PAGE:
(Jim Cole / Associated Press )
The hard part will come later, but for Mitt Romney, it was nothing but blue skies on Thursday.
On a sunny afternoon at a New Hampshire farm, the Republican made the long-expected announcement that he officially is a candidate for the party's 2012 presidential nomination, portraying himself as a battle-tested crisis manager.
“Turning around a crisis takes experience and bold action, and for millions of Americans, the economy is in crisis today,” Romney, in casual dress, told the crowd gathered in Stratham, N.H. “Unless we change course, it will be a crisis tomorrow.”
Romney, in a sense, has been running for president ever since he pulled out of 2008 race. This time around, he has pledged to run a leaner, more disciplined campaign, one that will attempt to establish the kind of everyday rapport with voters than seemed to elude him in his first attempt.
The former venture capitalist and ex-governor of Massachusetts is banking on his economic expertise to be a difference-maker. “If you want to create jobs, it helps to have actually have had a job,” he said.
He said President Obama had “failed America,” and repeatedly suggested that Obama sought a European-style government. “Barack Obama’s European answers are not the solution to America’s problems,” he said. "We’re only inches away from ceasing to be a free economy.”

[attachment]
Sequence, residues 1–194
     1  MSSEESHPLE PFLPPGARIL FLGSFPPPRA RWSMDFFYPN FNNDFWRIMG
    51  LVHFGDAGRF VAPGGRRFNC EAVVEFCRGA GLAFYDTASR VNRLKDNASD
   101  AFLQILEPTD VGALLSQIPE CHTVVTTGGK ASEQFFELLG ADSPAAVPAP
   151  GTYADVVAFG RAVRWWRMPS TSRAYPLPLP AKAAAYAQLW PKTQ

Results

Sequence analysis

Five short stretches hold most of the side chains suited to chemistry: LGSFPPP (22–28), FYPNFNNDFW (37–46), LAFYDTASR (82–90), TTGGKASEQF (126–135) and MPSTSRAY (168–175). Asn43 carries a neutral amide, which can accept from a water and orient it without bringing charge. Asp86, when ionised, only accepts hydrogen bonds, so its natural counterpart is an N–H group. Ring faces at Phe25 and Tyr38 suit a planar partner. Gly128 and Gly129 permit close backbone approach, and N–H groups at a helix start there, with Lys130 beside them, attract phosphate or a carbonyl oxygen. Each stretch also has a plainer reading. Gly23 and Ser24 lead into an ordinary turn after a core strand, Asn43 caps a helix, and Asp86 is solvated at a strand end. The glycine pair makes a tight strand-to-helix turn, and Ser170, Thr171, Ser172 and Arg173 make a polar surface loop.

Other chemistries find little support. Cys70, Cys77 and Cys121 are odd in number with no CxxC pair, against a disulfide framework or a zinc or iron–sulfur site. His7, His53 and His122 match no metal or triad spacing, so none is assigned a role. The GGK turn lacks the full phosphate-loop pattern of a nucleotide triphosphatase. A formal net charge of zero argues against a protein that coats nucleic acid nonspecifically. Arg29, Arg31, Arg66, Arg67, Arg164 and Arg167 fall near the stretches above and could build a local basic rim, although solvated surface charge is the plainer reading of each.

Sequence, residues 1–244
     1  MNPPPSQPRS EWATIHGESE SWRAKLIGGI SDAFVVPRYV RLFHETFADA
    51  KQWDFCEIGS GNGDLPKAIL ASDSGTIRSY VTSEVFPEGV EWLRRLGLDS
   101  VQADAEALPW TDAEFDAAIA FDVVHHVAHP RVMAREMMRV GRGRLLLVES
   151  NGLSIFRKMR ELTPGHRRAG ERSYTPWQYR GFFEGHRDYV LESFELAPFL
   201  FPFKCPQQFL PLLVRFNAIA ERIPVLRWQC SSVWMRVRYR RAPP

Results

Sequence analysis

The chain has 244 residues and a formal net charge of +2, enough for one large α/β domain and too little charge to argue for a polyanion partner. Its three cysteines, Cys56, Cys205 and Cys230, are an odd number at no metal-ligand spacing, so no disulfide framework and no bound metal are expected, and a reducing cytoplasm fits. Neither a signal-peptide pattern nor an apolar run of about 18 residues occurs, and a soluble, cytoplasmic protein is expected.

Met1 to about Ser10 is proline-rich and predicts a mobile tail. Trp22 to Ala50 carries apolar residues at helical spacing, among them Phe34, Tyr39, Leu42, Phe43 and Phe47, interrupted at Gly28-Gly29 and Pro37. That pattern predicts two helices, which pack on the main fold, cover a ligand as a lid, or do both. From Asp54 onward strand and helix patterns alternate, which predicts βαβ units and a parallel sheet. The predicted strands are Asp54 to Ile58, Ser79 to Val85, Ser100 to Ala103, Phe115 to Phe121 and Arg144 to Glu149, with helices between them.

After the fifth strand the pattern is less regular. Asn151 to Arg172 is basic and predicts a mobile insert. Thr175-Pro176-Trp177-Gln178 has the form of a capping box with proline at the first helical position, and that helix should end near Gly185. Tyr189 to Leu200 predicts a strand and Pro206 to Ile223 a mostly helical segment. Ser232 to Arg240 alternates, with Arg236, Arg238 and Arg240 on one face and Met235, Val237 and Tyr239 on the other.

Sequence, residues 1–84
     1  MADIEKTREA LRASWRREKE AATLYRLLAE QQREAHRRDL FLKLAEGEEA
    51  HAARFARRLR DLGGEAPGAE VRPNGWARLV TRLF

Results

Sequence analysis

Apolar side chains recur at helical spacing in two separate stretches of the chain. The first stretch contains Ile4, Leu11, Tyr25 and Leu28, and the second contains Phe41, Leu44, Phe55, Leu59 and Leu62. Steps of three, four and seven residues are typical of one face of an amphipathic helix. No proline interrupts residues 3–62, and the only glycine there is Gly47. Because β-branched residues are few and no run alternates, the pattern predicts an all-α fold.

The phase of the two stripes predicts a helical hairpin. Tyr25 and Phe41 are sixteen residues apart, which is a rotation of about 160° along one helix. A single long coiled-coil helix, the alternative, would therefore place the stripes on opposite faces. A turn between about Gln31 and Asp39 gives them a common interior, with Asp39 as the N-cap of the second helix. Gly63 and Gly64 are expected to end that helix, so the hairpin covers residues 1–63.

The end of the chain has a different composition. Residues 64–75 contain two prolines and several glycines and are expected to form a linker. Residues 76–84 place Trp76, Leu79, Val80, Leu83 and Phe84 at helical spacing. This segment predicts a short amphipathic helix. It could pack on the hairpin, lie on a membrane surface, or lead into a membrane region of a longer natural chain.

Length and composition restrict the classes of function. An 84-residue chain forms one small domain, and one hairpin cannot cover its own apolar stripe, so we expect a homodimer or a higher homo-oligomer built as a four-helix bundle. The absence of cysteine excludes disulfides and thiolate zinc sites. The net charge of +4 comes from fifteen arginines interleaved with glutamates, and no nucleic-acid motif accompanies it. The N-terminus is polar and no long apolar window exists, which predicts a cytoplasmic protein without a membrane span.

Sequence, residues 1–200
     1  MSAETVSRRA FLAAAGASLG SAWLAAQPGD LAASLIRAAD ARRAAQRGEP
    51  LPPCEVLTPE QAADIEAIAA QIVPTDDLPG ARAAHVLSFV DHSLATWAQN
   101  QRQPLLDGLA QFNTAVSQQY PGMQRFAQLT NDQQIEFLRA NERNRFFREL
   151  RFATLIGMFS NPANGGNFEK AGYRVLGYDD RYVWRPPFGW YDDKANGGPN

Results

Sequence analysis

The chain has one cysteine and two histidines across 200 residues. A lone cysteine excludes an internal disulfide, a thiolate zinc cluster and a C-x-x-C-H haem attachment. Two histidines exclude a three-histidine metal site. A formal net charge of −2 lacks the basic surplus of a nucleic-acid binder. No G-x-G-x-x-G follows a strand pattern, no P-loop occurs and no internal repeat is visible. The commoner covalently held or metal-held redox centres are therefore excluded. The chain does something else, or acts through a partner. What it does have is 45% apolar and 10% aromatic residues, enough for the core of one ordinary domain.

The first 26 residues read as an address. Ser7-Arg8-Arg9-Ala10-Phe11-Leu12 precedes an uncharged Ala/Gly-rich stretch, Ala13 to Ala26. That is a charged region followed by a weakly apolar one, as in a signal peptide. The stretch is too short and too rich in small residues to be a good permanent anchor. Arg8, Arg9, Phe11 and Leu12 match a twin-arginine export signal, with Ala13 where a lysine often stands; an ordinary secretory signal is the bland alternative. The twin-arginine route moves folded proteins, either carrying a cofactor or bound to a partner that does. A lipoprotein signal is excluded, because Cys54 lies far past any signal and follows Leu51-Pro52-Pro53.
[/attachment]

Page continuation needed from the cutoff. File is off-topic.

Romney, 64, continued to try and navigate a fine line in attacking the Democratic healthcare overhaul while defending a similar program he helped enact in Massachusetts. Of his plan, he said, “It was a state solution to our state’s problems.”
The location of the announcement was strategic. Romney, who owns a summer home in New Hampshire, is counting heavily on winning the state’s first-in-the-nation primary early next year. He is expected to focus his efforts there in coming months rather than in the early-contest state of Iowa, where the GOP caucuses are dominated by the kind of social conservatives who remain wary of the New Englander.
Romney' s announcement was upstaged slightly by the impending arrival of Sarah Palin, who was expected to attend a clambake later in the day on the state’s seacoast. Earlier Thursday, as her bus tour took her through Boston, Palin blasted Romney’s healthcare plan because it requires residents to purchase health insurance.
"In my opinion, any mandate coming from government is not a good thing, so obviously ... there will be more the explanation coming from former Gov. Romney on his support for government mandates," Palin said at Bunker Hill, according to NBC News.
The Palin attack served as a reminder that Romney, despite the sunny skies Thursday, still has a great deal of work to do to win over skeptical conservatives.